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Has the Spring Budget 2024 been kind to property owners as expected?

As it approached many felt the Chancellor would be kind to those looking to buy property but now it has been announced, has the Spring Budget 2024 been kind to property owners?

What help did home buyers hope for in the Spring Budget?

Many expected the Spring Budget 2024 would include measures to help first-time buyers get onto the property ladder.  There were suggestions this could mean the launch of a 99% mortgage scheme so that buyers would only have to put down a 1%.  Others predicted 30-year fixed-term mortgages or the reintroduction of the ‘Help to Buy’ scheme.

However, different factions from across the property industry called loudest for the current reduced Stamp Duty thresholds (currently set to return to pre-Pandemic levels on 31st March 2025) to be extended or even to scrap Stamp Duty altogether to reinvigorate a stuttering domestic residential property market.

Some critics saw the potential of including home buyer-friendly elements within the Spring Budget as a transparent move to try and hold onto the younger end of the electorate, many of whom are reported to be deserting the Conservative party and need to be encouraged back into the fold.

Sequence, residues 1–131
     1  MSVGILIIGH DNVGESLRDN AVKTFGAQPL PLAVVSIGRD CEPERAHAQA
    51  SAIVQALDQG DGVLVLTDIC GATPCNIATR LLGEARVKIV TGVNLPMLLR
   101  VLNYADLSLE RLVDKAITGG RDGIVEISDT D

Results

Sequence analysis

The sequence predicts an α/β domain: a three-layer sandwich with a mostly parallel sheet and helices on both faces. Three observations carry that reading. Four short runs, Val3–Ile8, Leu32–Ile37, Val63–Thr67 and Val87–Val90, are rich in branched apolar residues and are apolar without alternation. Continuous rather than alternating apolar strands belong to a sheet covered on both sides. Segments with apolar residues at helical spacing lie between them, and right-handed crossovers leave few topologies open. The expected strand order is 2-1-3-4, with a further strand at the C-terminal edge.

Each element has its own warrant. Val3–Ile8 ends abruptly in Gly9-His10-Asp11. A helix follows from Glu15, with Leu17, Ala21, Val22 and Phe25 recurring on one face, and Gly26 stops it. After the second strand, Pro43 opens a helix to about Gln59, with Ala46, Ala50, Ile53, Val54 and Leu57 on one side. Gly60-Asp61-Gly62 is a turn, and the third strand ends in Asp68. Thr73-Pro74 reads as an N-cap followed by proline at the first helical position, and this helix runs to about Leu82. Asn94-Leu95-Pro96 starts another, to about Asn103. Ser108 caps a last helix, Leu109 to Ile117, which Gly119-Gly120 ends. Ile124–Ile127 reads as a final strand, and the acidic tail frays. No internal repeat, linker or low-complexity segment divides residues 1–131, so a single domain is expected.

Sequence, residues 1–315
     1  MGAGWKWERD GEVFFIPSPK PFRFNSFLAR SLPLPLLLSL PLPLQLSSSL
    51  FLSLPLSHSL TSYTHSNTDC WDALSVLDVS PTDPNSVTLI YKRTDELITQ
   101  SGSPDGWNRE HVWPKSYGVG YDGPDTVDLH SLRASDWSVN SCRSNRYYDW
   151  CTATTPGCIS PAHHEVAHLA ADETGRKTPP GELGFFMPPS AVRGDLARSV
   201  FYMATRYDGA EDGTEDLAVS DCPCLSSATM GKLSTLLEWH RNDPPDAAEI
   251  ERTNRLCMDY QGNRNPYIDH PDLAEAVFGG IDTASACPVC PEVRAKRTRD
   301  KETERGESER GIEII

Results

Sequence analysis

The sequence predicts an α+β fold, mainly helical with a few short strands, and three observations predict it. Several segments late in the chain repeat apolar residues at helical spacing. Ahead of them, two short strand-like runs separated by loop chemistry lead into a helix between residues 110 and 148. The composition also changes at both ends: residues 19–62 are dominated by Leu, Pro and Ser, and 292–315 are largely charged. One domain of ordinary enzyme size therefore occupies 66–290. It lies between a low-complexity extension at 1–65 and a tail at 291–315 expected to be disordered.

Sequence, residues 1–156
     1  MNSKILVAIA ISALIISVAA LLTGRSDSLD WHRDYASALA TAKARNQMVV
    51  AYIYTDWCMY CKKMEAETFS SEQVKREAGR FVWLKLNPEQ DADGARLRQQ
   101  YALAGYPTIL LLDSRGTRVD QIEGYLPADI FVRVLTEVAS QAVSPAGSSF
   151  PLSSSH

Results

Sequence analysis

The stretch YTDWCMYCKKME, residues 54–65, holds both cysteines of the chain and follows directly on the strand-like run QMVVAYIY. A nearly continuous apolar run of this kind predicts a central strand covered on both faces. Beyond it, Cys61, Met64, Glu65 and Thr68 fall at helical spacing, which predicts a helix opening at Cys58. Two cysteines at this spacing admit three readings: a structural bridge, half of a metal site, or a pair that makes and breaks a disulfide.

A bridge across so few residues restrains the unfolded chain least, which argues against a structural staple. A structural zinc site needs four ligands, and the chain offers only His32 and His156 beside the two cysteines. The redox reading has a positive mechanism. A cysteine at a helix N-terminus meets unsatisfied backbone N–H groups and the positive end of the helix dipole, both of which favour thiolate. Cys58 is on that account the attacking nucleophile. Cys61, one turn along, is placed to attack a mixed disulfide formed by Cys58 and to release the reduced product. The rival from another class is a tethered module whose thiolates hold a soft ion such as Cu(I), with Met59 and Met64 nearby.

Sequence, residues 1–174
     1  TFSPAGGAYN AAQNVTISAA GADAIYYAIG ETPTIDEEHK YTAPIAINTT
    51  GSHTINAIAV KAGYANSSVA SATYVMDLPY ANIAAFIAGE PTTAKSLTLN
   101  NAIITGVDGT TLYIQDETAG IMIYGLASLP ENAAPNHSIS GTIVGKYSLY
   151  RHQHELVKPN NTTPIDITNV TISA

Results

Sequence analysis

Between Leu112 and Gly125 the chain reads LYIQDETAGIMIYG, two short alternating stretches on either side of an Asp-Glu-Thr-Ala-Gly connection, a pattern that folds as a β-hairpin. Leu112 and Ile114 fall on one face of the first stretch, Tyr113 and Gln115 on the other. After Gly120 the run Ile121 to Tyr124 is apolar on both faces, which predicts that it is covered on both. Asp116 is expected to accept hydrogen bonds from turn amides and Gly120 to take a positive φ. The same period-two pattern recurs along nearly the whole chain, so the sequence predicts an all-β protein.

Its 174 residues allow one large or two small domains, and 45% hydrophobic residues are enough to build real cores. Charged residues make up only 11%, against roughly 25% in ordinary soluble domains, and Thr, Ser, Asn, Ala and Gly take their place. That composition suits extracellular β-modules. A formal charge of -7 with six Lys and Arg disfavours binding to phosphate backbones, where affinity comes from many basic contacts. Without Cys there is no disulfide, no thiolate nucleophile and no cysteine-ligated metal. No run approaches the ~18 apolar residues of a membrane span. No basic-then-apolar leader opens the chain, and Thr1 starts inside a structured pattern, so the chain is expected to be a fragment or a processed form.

What did the Spring 2024 budget include for property owners?

The first thing to note is there was no mention of an extension to the current Stamp Duty regime, preferential mortgages or ‘Help to Buy’ schemes.  This will doubtless come as an unwelcome surprise for the many of the people waiting to see what the budget held before progressing property purchases.

In terms of what the budget did hold for property  buyers and owners, the main point relates to Capital Gains Tax (CGT).  The government will reduce the higher rate of property CGT from 28% to 24%.

While Mr Hunt didn’t announce the anticipated extension of the reduced rate of Stamp Duty, the budget does include the scrapping of multiple dwellings relief for those buying multiple properties in the same or linked transactions.

Labour will almost certainly make political capital from these two budget lines as they appear to only favour the wealthy and do not offer the help first time buyers and buyers at the lower end of the market so desperately need.

The budget also promised to scrap the furnished holiday lets regime.  This initiative affords tax relief to landlords on properties being rented out to holidaymakers.  This makes short term rentals more profitable than long term rents at a time when the demand for rental properties far outweighs the available stock.

While this may look like a minor change, it is expected to raise another £300m a year for the Treasury and put more rental properties back onto the market.  It could also be viewed as a popularist move given the bad feeling many locals feel towards the rise of the ‘Airbnb economy’ in so many of the UK’s tourist areas.

Although this perhaps isn’t the budget we as property professionals were hoping for, we remain committed to playing our part in making buying and selling your home as quick and easy as possible.  If you’d like to discuss a potential sale or purchase, please contact us today.